Center for Family History IAAM (copy) (copy)

A rendering of The Center for Family History at the International African American Museum. Rendering provided. 

The Church of Jesus Christ of Latter-day Saints, also known as the Mormon Church, has pledged $2 million to Charleston's International African American Museum.

The money is being given to the museum's Center for Family History, a resource center where African-Americans will be able to get help and research tools to study their ancestral roots. 

The church's partnership with the IAAM will also include support from its genealogy organization, FamilySearch, which it says is the world's largest. 

That partnership will be even more valuable than the initial donation, said Michael Boulware Moore, the IAAM's president and CEO. 

"While the cash gift is extremely important, that ongoing support and collaboration is going to to allow us to stay on the cutting-edge," he said. 

The announcement was made at RootsTech, a national genealogy conference held this year in Salt Lake City. The Utah capital is also where the Mormon church is headquartered. 

Elder Bradley D. Foster, the chairman of FamilySearch, and Elder David A. Bednar, who oversees the church's presence in Africa, announced the donation and partnership Wednesday evening. 

Bednar described recent efforts from FamilySearch to help people with African ancestry trace their roots, such as helping them access Freedman's Bank Records. The Freedman's Savings and Trust Company was formed in 1865 as a place where former slaves and their dependents could save money. 

FamilySearch has also been compiling oral histories from people in 15 different African countries, Bednar said. 

"We’re doing our best to reconnect families that were disconnected by the transatlantic slave trade," he said. 

Genealogy has a long history with the Mormon church, dating back to about 1894 with the formation of the Genealogical Society of Utah, FamilySearch's predecessor. It's the church's belief that families can be together for eternity, even after death, and therefore it is important to form bonds between both living and deceased relatives.

The relationship between African-Americans and the Mormon church was defined, for many years, by bans that excluded black members from much of church life. 

For more than a century, African-American men were barred from the priesthood, a role which is taken on by any male of good standing in the church, and both black men and women were prohibited from participating in important church rituals. 

The ban was issued in 1852 and wasn't officially reversed until 1978, when a leader of the church declared that "all worthy male members of the Church may be ordained to the priesthood without regard for race or color."

In a statement about the donation, the IAAM referred to the church's "growing relationships in the African-American community," including a recent education and employment initiative pursued in partnership with the NAACP.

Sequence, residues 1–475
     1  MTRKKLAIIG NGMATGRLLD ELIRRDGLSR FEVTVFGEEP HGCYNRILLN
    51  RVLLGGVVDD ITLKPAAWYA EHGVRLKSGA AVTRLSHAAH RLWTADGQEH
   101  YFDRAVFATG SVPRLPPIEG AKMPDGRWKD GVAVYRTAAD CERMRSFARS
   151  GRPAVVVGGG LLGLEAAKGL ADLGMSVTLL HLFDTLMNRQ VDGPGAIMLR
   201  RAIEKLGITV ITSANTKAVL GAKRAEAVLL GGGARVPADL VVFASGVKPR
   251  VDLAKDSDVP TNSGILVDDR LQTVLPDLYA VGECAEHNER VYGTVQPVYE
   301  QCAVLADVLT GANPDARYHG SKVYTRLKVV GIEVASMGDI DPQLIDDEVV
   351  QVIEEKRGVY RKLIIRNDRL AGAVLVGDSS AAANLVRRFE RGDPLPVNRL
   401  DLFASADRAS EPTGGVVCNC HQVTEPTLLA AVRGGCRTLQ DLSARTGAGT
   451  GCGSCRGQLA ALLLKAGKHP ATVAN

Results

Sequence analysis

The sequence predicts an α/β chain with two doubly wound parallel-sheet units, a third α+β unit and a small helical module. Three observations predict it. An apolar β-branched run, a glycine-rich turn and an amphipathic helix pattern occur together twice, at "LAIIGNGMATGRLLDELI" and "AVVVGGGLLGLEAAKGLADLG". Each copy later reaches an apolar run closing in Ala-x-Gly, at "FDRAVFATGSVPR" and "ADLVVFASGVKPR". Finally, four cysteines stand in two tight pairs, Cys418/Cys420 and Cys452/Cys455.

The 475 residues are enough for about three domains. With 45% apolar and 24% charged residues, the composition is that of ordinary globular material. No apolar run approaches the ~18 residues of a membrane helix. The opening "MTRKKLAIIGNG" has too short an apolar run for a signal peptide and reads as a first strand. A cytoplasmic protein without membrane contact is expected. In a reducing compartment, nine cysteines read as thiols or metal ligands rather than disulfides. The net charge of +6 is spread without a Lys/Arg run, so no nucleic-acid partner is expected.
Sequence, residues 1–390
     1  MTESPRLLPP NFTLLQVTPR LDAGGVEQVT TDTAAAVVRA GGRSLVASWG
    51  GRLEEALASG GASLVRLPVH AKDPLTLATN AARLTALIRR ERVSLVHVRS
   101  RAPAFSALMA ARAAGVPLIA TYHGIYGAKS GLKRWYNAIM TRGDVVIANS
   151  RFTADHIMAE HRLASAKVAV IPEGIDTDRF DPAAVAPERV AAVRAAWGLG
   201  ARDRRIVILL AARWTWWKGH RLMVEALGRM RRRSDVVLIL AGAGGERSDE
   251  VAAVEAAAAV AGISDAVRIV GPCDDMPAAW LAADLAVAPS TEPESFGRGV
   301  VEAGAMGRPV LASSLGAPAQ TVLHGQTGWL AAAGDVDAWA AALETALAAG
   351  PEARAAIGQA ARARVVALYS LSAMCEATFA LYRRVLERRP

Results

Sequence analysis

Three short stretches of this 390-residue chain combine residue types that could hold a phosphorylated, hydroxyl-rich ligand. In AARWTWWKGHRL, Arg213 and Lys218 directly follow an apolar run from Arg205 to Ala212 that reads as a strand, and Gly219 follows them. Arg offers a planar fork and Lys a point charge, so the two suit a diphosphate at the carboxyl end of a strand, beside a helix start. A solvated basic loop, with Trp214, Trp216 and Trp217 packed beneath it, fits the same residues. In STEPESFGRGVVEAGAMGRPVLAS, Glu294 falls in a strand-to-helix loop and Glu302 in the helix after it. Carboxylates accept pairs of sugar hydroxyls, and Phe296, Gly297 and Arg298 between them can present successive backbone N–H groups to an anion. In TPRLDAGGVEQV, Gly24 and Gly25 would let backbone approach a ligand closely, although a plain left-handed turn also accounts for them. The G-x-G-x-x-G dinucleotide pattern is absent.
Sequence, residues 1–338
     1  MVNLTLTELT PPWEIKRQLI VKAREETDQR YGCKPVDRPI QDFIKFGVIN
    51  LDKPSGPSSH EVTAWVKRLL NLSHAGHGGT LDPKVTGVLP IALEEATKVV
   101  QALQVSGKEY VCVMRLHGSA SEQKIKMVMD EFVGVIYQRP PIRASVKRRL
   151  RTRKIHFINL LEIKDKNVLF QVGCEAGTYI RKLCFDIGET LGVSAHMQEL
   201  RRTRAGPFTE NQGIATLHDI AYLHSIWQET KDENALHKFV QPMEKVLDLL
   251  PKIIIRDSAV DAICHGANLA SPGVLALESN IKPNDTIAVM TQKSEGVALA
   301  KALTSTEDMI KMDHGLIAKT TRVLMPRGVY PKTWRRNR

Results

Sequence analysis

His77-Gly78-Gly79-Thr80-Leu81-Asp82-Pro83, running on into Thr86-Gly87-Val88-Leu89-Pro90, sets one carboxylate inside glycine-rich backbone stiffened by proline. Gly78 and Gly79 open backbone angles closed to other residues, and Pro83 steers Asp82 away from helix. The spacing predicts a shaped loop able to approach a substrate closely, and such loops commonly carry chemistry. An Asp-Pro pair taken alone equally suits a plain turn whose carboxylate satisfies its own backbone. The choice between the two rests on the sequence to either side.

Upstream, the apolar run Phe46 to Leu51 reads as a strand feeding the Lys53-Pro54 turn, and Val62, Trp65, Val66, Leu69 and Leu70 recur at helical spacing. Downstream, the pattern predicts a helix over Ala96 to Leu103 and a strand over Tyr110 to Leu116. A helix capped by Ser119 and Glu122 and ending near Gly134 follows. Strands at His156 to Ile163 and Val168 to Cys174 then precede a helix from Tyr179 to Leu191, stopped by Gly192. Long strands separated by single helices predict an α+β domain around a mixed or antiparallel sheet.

In front of the RootsTech audience Wednesday evening, Moore shared the story of his great-great grandfather Robert Smalls, who made history in 1862 when he escaped slavery by successfully taking command of a Confederate steamship and sailing it out of Charleston Harbor. 

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Moore also spoke about his recent trip to Sierra Leone, the West African country where he was able to trace his ancestral roots through DNA testing. 

"The work you do is so profoundly important," he told those gathered at the conference.

The IAAM's Center for Family History will function as a gallery, a library and a resource center. Displays will tell real stories of African Americans who traced their family roots, and visitors can use on-site resources and consult staff members for assistance with their own family searches. 

The center is under the direction of Toni Carrier who previously founded the nonprofit Lowcountry Africana, an organization for genealogical research in Florida, Georgia and South Carolina. 

The museum will be built on the waterfront between the Maritime Center and the Dockside condominium complex. The parcel of land is a portion of what was once Gadsden's Wharf, one of Charleston's most active and brutal sites during the slave trade. 

The museum announced in December that it would need to raise at least an additional $10 million more beyond its initial $75 million goal, which was reached in August. 

At the museum's February board meeting, officials reported that they had raised $7.9 million toward that sum. This new pledge was included in that total, so the announcement does not impact the progress toward fundraising for construction.

Reach Emily Williams at 843-937-5553. Follow her on Twitter @emilye_williams.

Emily Williams is a business reporter at The Post and Courier, covering tourism and employment. She also writes the Business Headlines newsletter, which is published twice a week. Before moving to Charleston, her byline appeared in The Boston Globe.